Religiosity and empathy in a hospital emergency department’s staff

Rosó Duñó, Sira Díaz-Morán, Joan Carles Oliva, Adolf Tobeña, María Luisa Iglesias-Lepine

Research output: Contribution to journalArticleResearchpeer-review

3 Citations (Scopus)

Abstract

© 2014 Grupo Saned. All rights reserved. Objective: To assess relationships between religiosity and empathy in physicians, nurses, and assistant nurses in a hospital (ED). Methods: Cross-sectional study using an anonymous, voluntary questionnaire for assessing degree of religiosity and an instrument assessing empathy (interpersonal reactivity index). Results: The 3 staff groups were homogeneous in profile, showing a low degree of religiosity and normative scores on ability to see someone else’s point of view and empathize with the feelings and suffering of others. No significant differences between groups were detected. Weak links were found between religiosity and overall empathy (R = 0.18, r2 = 0.03, P<.02) and between perspective taking (cognitive empathy) and moral relativism (pragmatic empathy) (R = 0.16, r2 = 0.02, P<.03). Conclusions: There is light of a relationship between religiosity and empathy in ED staff who are skeptical about religion. No substantial differences between the 3 staff groups were noted with regard to religiosity or empathetic attitudes. Low religiosity did not accompany low empathy. The observed homogeneity may reflect the demands of emergency care as well as the roles assigned to caregivers and care guidelines.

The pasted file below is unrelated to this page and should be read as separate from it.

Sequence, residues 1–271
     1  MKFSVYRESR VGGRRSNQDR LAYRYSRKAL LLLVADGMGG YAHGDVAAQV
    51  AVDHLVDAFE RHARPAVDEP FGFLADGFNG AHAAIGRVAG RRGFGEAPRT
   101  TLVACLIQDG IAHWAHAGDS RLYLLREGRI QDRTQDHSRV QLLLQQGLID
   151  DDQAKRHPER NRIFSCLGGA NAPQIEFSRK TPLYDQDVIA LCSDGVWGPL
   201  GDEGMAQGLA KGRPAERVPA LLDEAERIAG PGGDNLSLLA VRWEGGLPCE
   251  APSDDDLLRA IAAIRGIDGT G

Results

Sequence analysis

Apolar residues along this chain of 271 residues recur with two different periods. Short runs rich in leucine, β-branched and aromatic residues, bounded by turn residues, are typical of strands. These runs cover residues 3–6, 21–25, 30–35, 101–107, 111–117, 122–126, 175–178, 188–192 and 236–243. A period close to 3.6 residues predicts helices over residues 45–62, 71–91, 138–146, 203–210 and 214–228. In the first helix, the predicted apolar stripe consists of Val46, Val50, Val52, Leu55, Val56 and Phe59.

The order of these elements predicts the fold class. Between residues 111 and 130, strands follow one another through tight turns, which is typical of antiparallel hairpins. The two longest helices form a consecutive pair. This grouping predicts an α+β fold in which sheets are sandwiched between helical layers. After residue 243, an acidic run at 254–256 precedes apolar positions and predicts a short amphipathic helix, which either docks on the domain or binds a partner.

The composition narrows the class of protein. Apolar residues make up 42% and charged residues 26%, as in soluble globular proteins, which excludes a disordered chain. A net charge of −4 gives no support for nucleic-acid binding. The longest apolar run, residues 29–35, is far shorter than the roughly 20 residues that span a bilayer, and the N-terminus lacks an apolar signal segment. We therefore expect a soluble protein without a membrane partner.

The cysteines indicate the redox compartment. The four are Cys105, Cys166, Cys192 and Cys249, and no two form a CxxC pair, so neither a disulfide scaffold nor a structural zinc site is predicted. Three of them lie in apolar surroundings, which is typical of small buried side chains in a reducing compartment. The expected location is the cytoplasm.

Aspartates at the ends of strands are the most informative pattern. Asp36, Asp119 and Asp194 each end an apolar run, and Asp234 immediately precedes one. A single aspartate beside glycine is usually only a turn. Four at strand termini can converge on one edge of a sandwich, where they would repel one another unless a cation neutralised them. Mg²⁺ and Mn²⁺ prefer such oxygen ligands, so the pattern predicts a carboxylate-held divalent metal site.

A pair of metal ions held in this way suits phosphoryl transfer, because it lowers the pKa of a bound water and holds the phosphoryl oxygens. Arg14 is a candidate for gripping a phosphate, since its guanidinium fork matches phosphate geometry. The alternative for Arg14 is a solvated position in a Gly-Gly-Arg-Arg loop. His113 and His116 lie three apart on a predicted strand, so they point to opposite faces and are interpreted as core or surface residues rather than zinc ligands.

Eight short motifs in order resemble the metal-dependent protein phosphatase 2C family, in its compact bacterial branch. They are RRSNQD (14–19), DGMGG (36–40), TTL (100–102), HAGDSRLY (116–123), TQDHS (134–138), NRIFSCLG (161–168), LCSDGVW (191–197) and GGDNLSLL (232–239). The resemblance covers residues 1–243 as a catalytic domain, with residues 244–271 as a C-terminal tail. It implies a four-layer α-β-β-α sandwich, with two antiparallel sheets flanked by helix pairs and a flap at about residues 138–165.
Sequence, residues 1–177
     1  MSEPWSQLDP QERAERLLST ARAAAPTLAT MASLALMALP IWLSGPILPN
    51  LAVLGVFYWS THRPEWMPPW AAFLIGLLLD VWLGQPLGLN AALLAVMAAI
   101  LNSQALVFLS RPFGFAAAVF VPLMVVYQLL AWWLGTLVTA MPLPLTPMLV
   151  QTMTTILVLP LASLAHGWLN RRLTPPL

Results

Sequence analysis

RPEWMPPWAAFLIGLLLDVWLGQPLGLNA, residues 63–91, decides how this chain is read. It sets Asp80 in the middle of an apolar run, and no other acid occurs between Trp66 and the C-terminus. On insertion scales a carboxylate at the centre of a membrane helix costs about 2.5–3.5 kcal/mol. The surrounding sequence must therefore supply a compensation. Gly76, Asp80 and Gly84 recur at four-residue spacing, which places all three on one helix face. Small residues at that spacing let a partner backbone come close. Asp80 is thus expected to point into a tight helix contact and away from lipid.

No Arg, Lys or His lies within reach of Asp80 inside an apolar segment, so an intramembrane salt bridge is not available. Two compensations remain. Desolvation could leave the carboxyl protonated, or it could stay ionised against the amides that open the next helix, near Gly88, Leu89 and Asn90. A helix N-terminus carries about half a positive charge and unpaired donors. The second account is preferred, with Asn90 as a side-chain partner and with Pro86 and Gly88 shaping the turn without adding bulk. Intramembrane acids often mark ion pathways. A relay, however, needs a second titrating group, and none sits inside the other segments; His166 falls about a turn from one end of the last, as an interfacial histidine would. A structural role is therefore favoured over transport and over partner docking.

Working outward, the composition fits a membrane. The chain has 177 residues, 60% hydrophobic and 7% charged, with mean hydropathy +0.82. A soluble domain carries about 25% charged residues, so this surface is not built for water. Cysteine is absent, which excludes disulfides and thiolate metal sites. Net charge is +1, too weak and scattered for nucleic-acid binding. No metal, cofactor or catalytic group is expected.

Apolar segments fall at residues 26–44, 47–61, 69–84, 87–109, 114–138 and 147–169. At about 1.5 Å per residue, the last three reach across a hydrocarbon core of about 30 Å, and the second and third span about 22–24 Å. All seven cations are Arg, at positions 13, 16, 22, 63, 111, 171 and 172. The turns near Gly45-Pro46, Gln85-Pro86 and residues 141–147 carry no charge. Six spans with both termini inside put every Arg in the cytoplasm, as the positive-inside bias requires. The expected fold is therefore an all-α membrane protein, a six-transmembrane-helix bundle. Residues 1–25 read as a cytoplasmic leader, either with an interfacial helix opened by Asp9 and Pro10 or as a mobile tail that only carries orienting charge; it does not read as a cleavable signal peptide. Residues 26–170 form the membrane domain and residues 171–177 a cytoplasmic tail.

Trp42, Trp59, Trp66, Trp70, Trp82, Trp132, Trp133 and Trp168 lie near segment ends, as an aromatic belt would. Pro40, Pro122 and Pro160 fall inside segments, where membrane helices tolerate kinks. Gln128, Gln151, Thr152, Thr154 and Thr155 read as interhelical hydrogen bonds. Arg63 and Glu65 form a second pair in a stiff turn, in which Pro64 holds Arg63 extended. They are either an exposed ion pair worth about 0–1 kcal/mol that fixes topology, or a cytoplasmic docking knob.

Original languageEnglish
Pages (from-to)363-366
JournalEmergencias
Volume26
Issue number5
Publication statusPublished - 1 Oct 2014

Keywords

  • Emergency health services
  • Empathy
  • Hospital emergency department
  • Judgment
  • Morals
  • Religious ethics

Fingerprint Dive into the research topics of 'Religiosity and empathy in a hospital emergency department’s staff'. Together they form a unique fingerprint.

  • Cite this

    Duñó, R., Díaz-Morán, S., Oliva, J. C., Tobeña, A., & Iglesias-Lepine, M. L. (2014). Religiosity and empathy in a hospital emergency department’s staff. Emergencias, 26(5), 363-366.